I’m currently planning a series of blog posts about cancer, called “The Cancer Journeys.” This will be a series of posts about my journeys with cancer that are designed to give someone else hope and courage, no matter what you’re going through.
As I was gathering old journal entries and making notes of my thoughts, my emotions started going all over the place. I stopped, and told my husband, “My brain is full.” I got really sad, and, if you ask my husband, maybe even a bit prickly. 😉
It’s taken me a few days to sort through my emotions, and I’ve come to a startling conclusion: I’m angry! This surprises me, because I’m not very temperamental, and not the anger type.
However, right before Christmas, I had surgery, and from that surgery, the pathology showed I had endometrial cancer. This is my third time with cancer, and all three are different types. With this most recent one, before the hysterectomy, we weren’t even 100% sure that it was cancer. With my other two cancers, we already had the confirmed diagnosis and had an idea of what we were dealing with. This time, we didn’t.
It’s really strange to find out you had cancer after the fact. We caught it early, and no other treatment is required. It was almost over before it began. My first symptom showed up November 1st, and by December 21st, I was in surgery. It happened quick, and before I could blink, I was recovering from surgery.
Now, here I am, just over two months later, I’m recovered, feeling great, and back to my regular activities and life. But emotionally, maybe not so much.
As many of you may know, my husband and I were high school sweethearts, who ended up at different colleges, and eventually to different lives. We reunited and married 21 years after high school. Yes, we’re one of those couples. During those 21 years apart, my husband married and had children, then tragically lost his wife in a car accident.
Over the years, we’ve talked a lot about grief, especially how grief can blindside you. You can be going along, doing okay, then hear a song on the radio or smell her favorite perfume, and bam! Suddenly, you’re a puddle of tears.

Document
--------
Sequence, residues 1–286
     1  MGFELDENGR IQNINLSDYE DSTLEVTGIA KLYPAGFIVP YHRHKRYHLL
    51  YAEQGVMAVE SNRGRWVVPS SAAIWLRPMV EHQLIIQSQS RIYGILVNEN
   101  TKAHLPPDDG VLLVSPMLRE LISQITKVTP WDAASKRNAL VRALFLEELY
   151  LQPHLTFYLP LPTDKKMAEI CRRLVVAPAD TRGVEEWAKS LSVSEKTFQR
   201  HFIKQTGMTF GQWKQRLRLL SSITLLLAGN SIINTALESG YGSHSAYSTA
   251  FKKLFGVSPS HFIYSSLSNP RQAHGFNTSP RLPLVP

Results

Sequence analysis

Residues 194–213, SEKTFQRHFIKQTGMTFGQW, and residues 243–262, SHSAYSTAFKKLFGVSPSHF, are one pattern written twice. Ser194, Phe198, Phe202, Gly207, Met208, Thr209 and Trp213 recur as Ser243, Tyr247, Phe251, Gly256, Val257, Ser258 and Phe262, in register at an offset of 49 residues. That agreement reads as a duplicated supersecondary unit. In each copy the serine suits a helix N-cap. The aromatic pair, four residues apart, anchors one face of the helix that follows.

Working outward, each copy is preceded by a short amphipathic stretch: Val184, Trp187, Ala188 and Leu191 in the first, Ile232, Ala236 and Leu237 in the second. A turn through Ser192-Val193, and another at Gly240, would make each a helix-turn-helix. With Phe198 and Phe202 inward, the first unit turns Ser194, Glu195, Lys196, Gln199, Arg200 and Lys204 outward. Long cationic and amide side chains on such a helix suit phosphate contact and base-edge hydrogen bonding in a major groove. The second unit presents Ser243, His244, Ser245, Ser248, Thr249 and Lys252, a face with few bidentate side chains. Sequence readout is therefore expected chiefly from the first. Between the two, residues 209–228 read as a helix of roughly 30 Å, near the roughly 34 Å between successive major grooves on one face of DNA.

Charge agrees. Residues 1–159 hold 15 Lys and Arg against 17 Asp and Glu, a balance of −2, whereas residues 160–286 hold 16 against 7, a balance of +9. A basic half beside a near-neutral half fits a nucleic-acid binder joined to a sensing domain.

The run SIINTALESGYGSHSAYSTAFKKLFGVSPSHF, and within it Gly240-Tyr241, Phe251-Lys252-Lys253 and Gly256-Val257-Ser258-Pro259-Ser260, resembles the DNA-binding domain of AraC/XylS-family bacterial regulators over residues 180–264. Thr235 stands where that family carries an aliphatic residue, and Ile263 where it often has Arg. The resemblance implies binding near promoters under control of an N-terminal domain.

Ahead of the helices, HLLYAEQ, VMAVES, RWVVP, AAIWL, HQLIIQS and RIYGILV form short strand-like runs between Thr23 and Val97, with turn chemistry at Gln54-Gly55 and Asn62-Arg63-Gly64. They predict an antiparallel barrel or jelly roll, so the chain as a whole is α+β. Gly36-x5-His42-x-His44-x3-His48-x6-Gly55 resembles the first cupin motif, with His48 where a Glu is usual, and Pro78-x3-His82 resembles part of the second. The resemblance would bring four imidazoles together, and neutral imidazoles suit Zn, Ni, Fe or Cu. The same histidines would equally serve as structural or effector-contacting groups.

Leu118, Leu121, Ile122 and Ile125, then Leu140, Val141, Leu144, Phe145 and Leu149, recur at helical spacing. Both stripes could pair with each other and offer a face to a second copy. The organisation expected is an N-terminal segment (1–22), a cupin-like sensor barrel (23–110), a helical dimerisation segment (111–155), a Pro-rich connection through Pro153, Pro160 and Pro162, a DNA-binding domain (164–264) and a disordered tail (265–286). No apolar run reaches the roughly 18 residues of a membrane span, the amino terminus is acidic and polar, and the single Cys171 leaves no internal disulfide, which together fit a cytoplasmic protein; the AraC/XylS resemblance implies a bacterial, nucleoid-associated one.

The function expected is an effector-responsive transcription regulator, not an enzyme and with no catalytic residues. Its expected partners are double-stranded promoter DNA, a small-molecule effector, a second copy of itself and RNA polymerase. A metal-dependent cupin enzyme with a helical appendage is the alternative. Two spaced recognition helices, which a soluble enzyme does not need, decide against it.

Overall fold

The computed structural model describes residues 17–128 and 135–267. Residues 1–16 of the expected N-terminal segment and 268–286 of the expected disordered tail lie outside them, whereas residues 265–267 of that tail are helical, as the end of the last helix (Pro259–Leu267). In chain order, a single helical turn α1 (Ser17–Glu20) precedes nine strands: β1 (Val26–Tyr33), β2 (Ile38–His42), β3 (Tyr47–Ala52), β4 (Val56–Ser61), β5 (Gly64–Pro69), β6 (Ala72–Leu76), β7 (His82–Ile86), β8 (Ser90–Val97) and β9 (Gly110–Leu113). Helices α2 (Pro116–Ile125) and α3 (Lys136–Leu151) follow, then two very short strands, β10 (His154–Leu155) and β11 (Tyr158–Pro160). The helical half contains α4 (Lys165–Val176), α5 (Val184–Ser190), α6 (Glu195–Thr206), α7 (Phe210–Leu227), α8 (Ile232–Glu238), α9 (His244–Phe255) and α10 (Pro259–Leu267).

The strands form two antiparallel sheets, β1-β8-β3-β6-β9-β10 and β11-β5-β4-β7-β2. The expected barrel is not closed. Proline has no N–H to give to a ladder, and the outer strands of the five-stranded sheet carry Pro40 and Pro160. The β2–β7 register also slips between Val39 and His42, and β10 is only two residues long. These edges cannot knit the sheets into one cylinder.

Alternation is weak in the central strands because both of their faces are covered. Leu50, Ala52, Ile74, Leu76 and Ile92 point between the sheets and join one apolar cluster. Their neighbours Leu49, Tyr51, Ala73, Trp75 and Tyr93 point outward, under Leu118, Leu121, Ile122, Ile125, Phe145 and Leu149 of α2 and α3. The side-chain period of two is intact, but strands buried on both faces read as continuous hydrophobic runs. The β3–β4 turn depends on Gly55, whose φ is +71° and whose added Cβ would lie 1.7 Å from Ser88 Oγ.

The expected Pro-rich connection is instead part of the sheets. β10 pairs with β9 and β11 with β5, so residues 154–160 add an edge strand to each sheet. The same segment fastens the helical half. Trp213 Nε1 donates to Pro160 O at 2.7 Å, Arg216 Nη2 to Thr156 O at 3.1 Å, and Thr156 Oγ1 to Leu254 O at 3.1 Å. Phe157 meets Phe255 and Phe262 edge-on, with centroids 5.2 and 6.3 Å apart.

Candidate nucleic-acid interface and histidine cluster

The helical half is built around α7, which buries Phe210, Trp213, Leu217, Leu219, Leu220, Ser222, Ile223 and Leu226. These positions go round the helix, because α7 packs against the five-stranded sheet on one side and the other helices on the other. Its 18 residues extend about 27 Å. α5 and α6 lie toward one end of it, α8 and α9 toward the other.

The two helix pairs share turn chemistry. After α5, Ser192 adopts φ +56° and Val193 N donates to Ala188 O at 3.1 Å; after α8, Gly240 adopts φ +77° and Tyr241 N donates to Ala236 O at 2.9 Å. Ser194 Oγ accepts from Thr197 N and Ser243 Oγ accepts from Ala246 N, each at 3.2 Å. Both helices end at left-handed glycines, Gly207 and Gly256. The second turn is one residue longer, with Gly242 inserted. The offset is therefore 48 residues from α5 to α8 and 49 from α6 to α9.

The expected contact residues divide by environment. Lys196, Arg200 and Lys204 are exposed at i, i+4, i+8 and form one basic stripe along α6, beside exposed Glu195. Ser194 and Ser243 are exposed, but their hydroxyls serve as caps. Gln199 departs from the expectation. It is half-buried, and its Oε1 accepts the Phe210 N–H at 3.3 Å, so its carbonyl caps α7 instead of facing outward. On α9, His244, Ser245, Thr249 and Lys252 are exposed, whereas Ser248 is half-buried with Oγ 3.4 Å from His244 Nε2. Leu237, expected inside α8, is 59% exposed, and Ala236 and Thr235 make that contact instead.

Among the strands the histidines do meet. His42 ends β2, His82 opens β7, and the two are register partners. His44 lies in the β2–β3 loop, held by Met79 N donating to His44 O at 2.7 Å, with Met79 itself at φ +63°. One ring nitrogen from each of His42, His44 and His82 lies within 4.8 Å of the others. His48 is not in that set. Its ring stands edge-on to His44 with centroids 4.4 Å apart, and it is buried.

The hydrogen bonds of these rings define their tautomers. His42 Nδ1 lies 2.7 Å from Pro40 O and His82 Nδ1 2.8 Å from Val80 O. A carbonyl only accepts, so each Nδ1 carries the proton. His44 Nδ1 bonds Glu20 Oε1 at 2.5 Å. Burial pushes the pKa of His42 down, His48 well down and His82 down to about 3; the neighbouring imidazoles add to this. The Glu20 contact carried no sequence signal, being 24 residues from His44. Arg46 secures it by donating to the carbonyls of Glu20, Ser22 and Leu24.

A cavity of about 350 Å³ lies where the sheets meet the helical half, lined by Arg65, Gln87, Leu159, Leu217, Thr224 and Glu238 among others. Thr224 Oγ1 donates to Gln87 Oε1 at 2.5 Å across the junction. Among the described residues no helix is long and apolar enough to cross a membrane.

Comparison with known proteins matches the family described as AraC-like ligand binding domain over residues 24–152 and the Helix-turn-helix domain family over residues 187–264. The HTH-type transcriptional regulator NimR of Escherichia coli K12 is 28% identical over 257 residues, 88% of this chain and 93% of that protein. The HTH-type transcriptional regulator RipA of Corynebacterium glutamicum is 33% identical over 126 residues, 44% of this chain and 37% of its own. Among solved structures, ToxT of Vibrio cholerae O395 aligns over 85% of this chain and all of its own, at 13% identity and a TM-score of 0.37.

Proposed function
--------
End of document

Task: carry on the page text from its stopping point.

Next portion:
I think there’s grief with cancer as well. Please know, I’m not equating the loss of a loved one with the loss of a body part or two. But there is a level of grief and emotion when you’re battling for your health.
Even if the immediate diagnosis, surgery, crisis have all passed, you can still be blindsided. Any traumatic event is going to leave a scab. And sometimes scabs get ripped open again and bleeds.
You know what? It’s okay to be emotional. I’m good at stuffing my emotions and putting on a brave front. But once in a while, you just have to roll with the punches. And this week, I’m acknowledging my anger at a third cancer diagnosis, despite the fact that all is well right now.
I won’t carry this anger around forever – that takes too much energy! But I need to acknowledge it, face it, then put it behind me as best I can.
God has gifted me with a glorious life. It’s time to get on with it!
How about you? Have you ever had emotions sneak up on you from a past event? How did you deal with it? I’d love to hear from you.
Awww, Becky. Wow. Thank you for sharing this. I agree that grief of many kinds hits us on different levels and often at unexpected times. After losing a baby to miscarriage, I wasn’t angry when it happened, but it took very little to bring me to tears. And sometimes, I would find myself crying and couldn’t explain why.
I so appreciate your transparency here, my friend. Thanks for sharing this.
Our emotions are a funny thing at times, aren’t they? Especially when they hit us unexpectedly, or when we don’t understand why we’re having the reaction we are. Thanks for checking in, Jeanne. It’s good to hear from you. Take care.